Hebrews 2:5-18

I. Structure

2:5-9 The Last Adam

5 Eschatological subjection

6-8 General nature of Adam

6-7a The humility of Adam

7b-8 The exaltation of Adam

8b-9 Specific nature of Adam

8b-9a The humility of Adam

9b The exaltation of Adam

 
2:10-18 Union with the Last Adam

10 The divine plan of union

10a Bringing sons to glory

10b Perfecting the captain of salvation

11-13 A prophetic/brotherly union

11 Jesus’ unity with his brothers

12 Jesus’ first confession of unity

13a Jesus’ second confession of unity

13b Jesus’ third confession of unity

14-15 A royal (saving) union

14a Union in flesh and blood

14b-15 Result of a fleshly union

16 Union with the promised seed

16a Not angels

16b Seed of Abraham

17-18 A priestly union

17a A complete union

17b A merciful union

18 A guarding union

II. Exposition

The dominant message of this letter’s second chapter is the solidarity of God with His people through Jesus Christ, the God-man, whose suffering and sacrifice has worked out our salvation. Through conquering sin and death, Christ has become the Champion over Satan and the High Priest of his people to deliver His people from bondage and from fear. He went further than just mere redemption. He established a community of brothers and sisters, relating more closely than even the race of Adam does. His incarnation shows God’s ultimate compassion for men and women. This view emphasizes that God came from high, came down low to lift us up with Him.
Though there is an emphasis on Christ’s coming lower than the angels, his humiliation serves His exaltation. As a conqueror He has taken over death, so that through His power, He can lift us up. It shows His great strength and superiority over man, over angels and over death. Not only does He Himself not fear death, but He delivers those held by the fear of death. Furthermore, Christ’s elevation to the right hand of God shows His exaltation to the position of supreme lordship and authority.
B. The Son for a time lower than the angels (2:5-9).
V. 5-9 Verse 5 starts with a clause that connects this verse to chapter one, περὶ ἧς λαλοῦμεν, “about which we are speaking.” “The function of v 5 is to link two chains of OT citations. The first (1:5–13) develops the superiority of Jesus in his exaltation to the angels. The second (2:6–16) refutes the objections that could be mustered against that superiority on the ground that the Son assumed a condition inferior to that of the angels and submitted to death” (v 9).
In these verses, the author is speaking of the dignity of the Son in comparison to the position of the angels. He mentions this, because through the Son’s humility, Christ appeared to be lower than the angels. However, He was only lower ‘just for a little while.’ Verse 5 makes this clear, saying: ‘Οὐ γὰρ ἀγγέλοις ὑπέταξεν’ (Now it is not to angels that he has subjected).” He became low so that now He could be heir of all things, and bring salvation to His people. An inclusio, like mentioned in chapter one, also appears in verse 5 and 16:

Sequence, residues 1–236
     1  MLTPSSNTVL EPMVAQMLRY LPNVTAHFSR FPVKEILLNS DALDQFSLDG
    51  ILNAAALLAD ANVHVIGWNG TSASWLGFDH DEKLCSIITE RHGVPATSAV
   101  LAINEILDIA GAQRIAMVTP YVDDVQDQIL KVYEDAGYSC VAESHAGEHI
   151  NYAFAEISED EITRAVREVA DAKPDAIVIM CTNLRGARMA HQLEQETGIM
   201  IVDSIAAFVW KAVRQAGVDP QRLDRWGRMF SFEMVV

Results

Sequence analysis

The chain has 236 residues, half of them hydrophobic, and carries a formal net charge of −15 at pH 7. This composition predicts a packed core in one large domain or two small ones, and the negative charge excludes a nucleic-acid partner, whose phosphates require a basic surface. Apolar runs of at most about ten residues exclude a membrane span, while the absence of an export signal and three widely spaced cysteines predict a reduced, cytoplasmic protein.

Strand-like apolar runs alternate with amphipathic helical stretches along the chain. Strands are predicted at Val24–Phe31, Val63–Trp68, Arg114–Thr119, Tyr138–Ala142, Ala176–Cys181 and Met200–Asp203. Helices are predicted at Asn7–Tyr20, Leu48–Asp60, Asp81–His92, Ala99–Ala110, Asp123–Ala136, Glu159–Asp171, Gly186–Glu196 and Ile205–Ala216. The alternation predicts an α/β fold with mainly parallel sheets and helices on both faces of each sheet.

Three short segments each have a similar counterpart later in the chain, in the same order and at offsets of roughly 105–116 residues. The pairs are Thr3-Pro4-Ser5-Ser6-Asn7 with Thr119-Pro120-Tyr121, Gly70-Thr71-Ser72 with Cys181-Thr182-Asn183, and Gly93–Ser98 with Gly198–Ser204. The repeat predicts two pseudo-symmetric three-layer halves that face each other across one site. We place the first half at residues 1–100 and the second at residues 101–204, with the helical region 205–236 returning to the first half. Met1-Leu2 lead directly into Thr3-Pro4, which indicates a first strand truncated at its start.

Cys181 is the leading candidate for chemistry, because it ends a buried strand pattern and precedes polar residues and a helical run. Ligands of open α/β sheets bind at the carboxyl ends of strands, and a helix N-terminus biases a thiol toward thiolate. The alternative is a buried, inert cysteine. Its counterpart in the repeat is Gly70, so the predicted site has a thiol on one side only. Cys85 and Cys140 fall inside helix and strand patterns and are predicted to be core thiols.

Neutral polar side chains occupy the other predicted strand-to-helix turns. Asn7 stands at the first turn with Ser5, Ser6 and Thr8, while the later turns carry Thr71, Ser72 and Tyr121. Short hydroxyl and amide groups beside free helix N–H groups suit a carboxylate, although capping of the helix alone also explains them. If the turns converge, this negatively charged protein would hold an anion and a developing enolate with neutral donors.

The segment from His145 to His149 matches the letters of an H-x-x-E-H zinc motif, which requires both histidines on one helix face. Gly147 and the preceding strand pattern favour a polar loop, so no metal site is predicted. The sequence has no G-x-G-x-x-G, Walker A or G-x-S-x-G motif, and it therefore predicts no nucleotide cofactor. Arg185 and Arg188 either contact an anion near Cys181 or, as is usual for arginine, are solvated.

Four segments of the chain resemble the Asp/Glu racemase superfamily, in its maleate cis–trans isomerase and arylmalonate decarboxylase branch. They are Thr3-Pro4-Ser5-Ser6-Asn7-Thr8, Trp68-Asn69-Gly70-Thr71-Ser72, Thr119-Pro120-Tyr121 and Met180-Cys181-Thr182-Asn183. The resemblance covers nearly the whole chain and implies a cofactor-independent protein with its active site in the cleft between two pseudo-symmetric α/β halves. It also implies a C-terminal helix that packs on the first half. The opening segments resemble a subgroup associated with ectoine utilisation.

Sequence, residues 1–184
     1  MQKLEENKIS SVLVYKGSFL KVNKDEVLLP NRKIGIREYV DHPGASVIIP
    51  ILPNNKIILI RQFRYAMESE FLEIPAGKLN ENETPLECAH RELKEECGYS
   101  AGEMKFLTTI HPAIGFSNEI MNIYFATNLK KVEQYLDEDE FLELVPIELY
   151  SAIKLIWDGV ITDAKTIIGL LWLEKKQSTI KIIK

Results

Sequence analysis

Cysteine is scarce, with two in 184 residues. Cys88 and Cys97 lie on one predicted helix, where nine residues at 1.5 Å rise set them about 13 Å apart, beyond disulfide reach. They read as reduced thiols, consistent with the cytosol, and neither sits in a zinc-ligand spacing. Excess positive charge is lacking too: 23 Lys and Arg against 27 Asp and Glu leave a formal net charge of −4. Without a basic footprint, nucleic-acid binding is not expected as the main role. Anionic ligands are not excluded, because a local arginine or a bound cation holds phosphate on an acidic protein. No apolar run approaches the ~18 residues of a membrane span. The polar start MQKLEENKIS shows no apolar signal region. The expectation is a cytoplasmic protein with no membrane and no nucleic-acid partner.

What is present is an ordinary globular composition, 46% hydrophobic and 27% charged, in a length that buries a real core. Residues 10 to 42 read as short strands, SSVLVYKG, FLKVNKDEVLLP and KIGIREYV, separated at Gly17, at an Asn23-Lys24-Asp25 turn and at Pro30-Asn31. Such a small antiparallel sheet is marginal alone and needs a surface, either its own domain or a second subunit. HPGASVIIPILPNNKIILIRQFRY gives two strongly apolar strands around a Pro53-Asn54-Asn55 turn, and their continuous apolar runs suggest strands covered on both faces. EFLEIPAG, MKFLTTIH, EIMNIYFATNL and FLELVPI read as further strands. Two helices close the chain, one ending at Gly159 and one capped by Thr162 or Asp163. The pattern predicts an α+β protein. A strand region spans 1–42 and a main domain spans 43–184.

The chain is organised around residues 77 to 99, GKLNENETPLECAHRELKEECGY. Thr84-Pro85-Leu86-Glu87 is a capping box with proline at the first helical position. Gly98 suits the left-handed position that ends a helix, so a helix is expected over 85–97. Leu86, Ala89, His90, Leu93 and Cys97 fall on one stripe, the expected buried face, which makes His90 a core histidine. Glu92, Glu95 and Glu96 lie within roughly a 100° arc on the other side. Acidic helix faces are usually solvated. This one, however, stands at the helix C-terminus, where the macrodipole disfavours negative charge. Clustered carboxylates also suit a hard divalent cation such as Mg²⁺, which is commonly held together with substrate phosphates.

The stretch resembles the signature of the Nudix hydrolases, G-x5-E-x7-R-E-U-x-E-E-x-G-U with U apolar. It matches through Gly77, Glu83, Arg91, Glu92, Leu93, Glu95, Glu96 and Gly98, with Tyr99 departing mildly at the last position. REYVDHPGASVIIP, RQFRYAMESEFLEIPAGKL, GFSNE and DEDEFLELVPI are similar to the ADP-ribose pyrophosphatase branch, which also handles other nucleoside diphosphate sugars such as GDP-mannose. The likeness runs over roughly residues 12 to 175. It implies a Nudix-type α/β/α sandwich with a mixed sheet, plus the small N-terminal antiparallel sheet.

v 5
οὐ γὰρ ἀγγέλοις ὑπέταξεν
“Now it is not to angels that he has subjected”
v 16
οὐ γὰρ δήπου ἀγγέλων ἐπιλαμβάνεται
“For of course it is not angels that he takes hold to help”
The paragraph which quotes Psalm 8 is divided into two parts: first the quotation and then the explanation of it all. The author spoke about the Son’s coming into the world, His superiority over angels, and His power over the world to come when Christ will return.
The author of Hebrews mentions in verse 8 that everything (τὰ πάντα) is within the control of God, nothing is out of His control (οὐδέν ἀνυπότακτον), even though we do not see it yet. ‘Not yet’, is important. There will be a delay, but what has been promised will finally be realized. This realization will come through the new world. The author looks forward to the time when this subjection will be complete, when this new world will have come. Hebrews thus affirms that we live in the overlap of the two ages, the present age and the age to come. In his earlier citation of Psalm 110:1 at 1:13, he recognized that we must wait ‘until’ God places all enemies underfoot. This is the hope for believers, as they see how the Kingdom of God has come into the world and the promises of God are fulfilled, but that the final realization of a world without sin has not yet come.
Verse 9 (see verse 7) is a difficult verse, that has two different translations to it. For the meaning of the Hebrew text of Ps 8:5 (=Ps 8:6 LXX) is ambiguous; the radicals in the Hebrew phrase could signify “little lower than God” (RSV) or “little lower than the angels” (KJV). The Greek translators resolved the ambiguity by referring explicitly to the angels (παρʼ ἀγγέλους), and this interpretation is found in the Targum as well. This element of the text required explanation if the incomparable superiority of the divine Son to the angels was to be maintained. Verse 7 and verse 9 basically say the same thing. It is like the author wants to emphasize the “little while” (βραχύ τι) of Christ’s humanity on earth.